My sense of smell, however, is very much intact, if not sharper than before. This is really annoying. Over Memorial Day weekend when Steve and I would take walks around the neighborhood, I could smell our neighbors grilling all kinds of goodies and it actually made me hungry. But when I actually had food in front of me, the hunger went away. Occasionally I’ll “crave” a particular type of food – ironically it’s usually soup. The other day I desperately wanted to try a Panera Quinoa Broth Bowl (my favorite) but when we got there, they were fresh out. Wop wop. Tonight I’m curiously interested in trying egg drop soup with wontons.

I continue to be amazed at how much my taste buds have changed. Foods that are traditionally salty (but tolerable to my palate before) are overpowering for me now…I tried prosciutto rolled up with some Laughing Cow cheese the other day and could barely finish a slice. Sweets of all kinds make me nauseous (particularly artificial sweeteners). And cheese is my new favorite condiment. I put it on everything. Small amounts of part-skim cheese, mind you, but I eat such small volumes and struggle to get my calories anyway, so I figure if it makes food more palatable then I am willing to go there. Especially for the added protein.

Some other curious changes… My stomach is starting to act more “normal”. It is much less talkative, except when it is empty…just like old times. My incisions are healing really nicely. I weirdly hate hot showers now – I used to be able to stand in the steam until the water ran cold. Now I get dizzy if I’m in there too long. Not sure how I will do with jacuzzis or baths once I’m allowed to use them.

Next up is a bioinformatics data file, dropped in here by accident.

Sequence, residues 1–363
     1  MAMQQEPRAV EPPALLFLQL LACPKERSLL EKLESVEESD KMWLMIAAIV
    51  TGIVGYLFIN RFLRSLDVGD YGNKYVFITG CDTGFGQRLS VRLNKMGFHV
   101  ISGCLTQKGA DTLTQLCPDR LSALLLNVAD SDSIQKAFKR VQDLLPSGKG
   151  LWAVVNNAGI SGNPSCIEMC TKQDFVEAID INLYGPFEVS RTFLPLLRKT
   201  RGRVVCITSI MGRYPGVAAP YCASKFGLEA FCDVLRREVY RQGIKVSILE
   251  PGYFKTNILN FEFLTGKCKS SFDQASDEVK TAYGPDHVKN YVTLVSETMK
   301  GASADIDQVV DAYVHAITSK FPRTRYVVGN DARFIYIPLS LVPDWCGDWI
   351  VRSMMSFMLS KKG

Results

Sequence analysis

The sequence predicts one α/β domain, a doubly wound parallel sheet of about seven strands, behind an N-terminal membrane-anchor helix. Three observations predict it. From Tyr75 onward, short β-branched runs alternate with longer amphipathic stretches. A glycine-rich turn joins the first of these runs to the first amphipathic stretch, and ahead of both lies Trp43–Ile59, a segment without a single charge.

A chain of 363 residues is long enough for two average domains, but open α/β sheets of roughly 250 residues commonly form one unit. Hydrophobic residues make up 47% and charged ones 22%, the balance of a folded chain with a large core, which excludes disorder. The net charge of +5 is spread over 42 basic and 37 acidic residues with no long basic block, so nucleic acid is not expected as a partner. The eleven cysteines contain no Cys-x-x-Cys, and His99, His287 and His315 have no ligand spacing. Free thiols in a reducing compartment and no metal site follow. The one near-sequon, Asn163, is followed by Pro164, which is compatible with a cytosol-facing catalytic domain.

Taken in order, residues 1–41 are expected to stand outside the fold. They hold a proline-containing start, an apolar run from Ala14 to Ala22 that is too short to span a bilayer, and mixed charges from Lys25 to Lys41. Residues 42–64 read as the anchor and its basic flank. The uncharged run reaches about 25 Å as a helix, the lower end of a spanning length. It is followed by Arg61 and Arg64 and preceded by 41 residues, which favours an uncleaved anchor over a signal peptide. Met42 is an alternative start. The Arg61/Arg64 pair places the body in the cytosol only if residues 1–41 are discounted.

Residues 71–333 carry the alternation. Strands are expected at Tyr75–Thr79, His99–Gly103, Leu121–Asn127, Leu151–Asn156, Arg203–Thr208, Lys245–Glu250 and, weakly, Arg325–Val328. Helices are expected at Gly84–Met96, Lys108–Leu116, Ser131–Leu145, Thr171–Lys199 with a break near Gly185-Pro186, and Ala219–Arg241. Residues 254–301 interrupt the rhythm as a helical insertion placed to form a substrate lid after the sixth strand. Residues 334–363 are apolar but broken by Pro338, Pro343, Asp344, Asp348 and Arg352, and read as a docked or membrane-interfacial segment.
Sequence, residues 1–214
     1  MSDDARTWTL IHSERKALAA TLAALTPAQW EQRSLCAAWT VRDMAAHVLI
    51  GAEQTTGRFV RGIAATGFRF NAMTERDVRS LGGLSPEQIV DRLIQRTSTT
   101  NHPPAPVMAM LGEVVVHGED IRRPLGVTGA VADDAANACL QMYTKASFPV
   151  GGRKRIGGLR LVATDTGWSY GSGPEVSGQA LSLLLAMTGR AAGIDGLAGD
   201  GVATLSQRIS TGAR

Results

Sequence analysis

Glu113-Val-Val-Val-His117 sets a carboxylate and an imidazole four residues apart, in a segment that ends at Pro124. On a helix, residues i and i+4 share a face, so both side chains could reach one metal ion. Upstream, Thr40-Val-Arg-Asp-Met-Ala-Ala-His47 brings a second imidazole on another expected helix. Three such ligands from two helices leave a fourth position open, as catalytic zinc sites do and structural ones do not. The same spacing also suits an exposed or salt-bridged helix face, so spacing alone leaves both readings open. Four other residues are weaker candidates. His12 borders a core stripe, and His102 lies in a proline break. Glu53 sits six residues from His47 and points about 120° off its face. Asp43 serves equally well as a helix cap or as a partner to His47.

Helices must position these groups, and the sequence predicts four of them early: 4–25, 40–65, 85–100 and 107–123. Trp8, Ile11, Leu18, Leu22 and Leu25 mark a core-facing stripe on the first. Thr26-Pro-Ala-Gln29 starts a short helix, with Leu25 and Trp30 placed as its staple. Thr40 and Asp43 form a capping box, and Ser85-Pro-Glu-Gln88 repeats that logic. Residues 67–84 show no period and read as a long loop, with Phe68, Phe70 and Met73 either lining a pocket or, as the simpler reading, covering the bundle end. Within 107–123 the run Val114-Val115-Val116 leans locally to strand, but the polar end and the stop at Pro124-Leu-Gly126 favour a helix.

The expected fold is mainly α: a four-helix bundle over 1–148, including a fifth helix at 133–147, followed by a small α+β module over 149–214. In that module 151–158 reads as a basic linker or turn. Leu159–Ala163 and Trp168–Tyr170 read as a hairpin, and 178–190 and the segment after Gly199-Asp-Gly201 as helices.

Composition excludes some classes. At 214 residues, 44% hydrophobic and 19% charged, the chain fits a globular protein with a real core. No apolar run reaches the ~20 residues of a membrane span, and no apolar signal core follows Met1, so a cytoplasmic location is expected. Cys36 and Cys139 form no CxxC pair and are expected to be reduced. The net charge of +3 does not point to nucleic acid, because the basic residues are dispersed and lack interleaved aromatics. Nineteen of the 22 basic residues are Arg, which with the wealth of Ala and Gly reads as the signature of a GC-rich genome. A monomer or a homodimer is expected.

Probably the most satisfying outcome so far has been the utter lack of migraines. They were pretty well-controlled before surgery, especially once I started sleeping with a CPAP, but I had heard that bariatric surgery often improves headaches, sometimes to the point of eliminating them completely. I saw my neurologist today for a post-op followup and he couldn’t have been more pleased. He didn’t see a need to put me back on a prophylactic medication (my surgeon discontinued my propranolol because my BP was running low). We slightly tweaked my rescue meds to remove any trace of NSAIDS or caffeine from my regimen. He said as long as I feel this good I don’t have to come back for six months! If I can get rid of these damn headaches for good, that alone would make this experience well worth it.


Walking the Tightrope

If I could describe my first month of recovery, it would be akin to walking a tightrope on a roller coaster. How’s that for an image? 😉

In all seriousness, I am actually thankful that recovery has been fairly smooth. I’m keeping food down, have minimal reflux problems, and although my stomach is still quite vocal (seriously, stomach, shut the eff up), have been pain free for weeks and am generally doing okay.